LONG POND, Pa. – Asked the amount of his NASCAR fine, Ryan Newman kept quiet.
What did he do?
Hey, maybe the threat of secret fines for speaking out against the stock car series is working after all.
NASCAR expects omerta (the code of silence) from its drivers when it comes to publicly lashing out against the sport. If they do, they'll be fined.
Ask Newman or Denny Hamlin.
Both Sprint Cup star drivers acknowledged at Pocono Raceway they were the ones fined by NASCAR for making critical comments about the racing series.
"It's not a good thing by any means for our sport," Newman said Friday. "The less we talk about it, the more we can talk about the racing."
Newman refused to disclose the amount of the fine or what he said. He implied that it was for comments he made after he crashed at Talladega Superspeedway.
Newman said in April that winning was "a lottery, racing for a championship shouldn't be a lottery." He added the wreck-heavy races at Talladega "affect our championship because it's not racing."
He was one of a few drivers Friday who blamed the media for stirring up controversy and an easy willingness to criticize the sport. Newman suggested if he was left alone for a few moments after his wreck instead of being instantly forced to answer questions, he might have cooled down and not been so quick to pop off.
"When you get a microphone stuck in your face when the adrenaline's still rushing, don't expect everything to be positive," Newman said.
Or, he could have said "no comment."
Hamlin said he was punished for comments he made on Twitter. He also did not reveal the amount of the fine.
People familiar with the penalties told the AP this week fines were levied because the comments were considered disparaging to the sport. The people spoke on condition of anonymity because NASCAR was not publicly identifying the topflight drivers it fined. They say one driver was penalized as much as $50,000.
Newman said the penalties are "behind me. It's behind Denny right now." He was frustrated about the fine "because I didn't understand what it was or why it was."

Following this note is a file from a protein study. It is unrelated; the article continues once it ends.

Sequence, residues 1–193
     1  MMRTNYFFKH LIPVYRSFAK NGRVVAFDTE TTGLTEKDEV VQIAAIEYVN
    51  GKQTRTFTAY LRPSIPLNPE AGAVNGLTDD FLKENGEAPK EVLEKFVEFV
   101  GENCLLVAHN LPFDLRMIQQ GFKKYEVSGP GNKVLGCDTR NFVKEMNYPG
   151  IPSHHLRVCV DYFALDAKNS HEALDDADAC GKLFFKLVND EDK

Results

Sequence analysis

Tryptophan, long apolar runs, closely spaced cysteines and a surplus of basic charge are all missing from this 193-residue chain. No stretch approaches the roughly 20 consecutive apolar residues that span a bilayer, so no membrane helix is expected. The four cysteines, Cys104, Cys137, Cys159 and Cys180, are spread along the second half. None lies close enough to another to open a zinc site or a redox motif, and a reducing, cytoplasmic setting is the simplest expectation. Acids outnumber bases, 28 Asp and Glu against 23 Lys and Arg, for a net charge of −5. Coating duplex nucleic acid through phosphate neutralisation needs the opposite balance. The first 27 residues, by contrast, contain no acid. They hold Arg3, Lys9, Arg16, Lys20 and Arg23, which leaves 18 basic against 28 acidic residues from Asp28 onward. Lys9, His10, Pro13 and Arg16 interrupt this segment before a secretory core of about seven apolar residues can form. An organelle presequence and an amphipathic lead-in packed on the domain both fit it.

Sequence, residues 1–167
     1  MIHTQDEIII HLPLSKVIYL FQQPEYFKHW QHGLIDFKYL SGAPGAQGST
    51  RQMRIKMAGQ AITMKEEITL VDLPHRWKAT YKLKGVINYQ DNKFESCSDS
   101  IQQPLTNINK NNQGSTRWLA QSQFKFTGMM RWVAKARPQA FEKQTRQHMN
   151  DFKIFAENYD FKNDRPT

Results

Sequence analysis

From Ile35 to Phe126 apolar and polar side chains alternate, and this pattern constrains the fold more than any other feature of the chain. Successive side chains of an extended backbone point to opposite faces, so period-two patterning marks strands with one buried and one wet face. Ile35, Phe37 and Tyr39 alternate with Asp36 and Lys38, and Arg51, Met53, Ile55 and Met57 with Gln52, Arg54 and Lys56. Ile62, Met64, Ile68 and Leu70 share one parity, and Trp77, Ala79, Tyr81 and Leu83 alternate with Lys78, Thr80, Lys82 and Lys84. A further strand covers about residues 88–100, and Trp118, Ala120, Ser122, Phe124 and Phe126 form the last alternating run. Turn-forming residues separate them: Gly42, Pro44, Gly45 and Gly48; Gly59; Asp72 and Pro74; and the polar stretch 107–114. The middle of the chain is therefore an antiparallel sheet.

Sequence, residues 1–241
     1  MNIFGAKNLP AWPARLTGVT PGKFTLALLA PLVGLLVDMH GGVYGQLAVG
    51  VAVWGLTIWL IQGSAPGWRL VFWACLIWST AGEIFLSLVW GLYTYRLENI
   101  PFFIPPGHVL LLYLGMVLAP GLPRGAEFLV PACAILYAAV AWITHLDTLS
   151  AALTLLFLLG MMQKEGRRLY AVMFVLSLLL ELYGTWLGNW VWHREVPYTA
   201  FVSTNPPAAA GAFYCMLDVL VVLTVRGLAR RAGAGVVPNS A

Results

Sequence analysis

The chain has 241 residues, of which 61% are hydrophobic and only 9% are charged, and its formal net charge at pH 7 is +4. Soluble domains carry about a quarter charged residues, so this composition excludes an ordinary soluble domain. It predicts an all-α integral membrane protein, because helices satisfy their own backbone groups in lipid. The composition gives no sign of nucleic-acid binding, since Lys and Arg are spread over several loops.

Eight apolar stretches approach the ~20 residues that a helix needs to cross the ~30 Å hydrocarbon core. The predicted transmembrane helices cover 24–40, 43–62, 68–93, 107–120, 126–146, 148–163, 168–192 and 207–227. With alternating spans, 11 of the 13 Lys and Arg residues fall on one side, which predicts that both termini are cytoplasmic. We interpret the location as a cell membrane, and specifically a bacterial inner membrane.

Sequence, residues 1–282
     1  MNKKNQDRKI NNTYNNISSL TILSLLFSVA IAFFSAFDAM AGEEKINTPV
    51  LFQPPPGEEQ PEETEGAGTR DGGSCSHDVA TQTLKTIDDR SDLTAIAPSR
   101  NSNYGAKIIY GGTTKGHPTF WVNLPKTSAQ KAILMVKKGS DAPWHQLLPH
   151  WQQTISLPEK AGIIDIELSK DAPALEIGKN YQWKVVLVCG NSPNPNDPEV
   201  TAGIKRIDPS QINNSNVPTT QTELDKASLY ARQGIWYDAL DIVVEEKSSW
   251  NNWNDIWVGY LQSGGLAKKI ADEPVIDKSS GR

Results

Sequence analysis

Hamlin understood why he was fined.
"Whether you agree with it or not, it happened. They're in control," he said.
The decision to fine competitors for critical comments puts NASCAR in line with many other professional sports leagues. The NFL and NBA both routinely issue fines for criticism of officiating.
"Other sports do the same thing, they just do it in different ways," Newman said.
It also backs up NASCAR's season-long effort to rebuild the slumping sport through an improved on-track product and off-track promotion from its drivers.
"We're all in it together, and I understand that," Hamlin said. "I definitely understand, I don't really know what it was, but more than likely it was the Twitter comments more than anything that kind of got me in trouble with them."
What irked fans and others in the sport was how NASCAR handled the fines. There was no press release or public announcement. They handled it privately in an era where most news leaks out somehow anyway.
Drivers seemed to support the discretion in the decision.
"The secret part of it is a good thing," Newman said. "That's what people need to understand. I don't want to talk about the negative, NASCAR doesn't want to talk about the negative. There are people in the garage area that want to talk about the negative aspects of our sport and that's not good."
Four-time defending Cup champion Jimmie Johnson knows it's a tricky balance for a driver to speak his mind and not blast the sport.
"NASCAR is just trying to help up us, not hurt ourselves," he said.
Tony Stewart, who owns Newman's car, had no prior knowledge of the fine. The two-time Cup champion blamed the media for some of the woes that have hit the sport, like sagging attendance and declining television ratings.
"When you finally tell someone that the racing is bad enough, long enough, you're going to convince people that it really is," he said. "The result of that is not having as many people in the grandstand because of that."
He said everyone from drivers to owners to promoters to the media play a role in NASCAR's success or failure. But it's not the media's role to act as cheerleaders for the sport, only to report and analyze the news.
"Everybody sitting here and listening to this right now makes a living off this sport, myself included, and we're all shooting ourselves in the foot because we're convincing some of these people that this stuff is bad," he said.
Juan Pablo Montoya might be on the right track. Asked why he didn't speak to the media after a wreck took him out late at the Brickyard, Montoya said he wasn't in the right mood.
"You'll say something dumb and regret it," he said.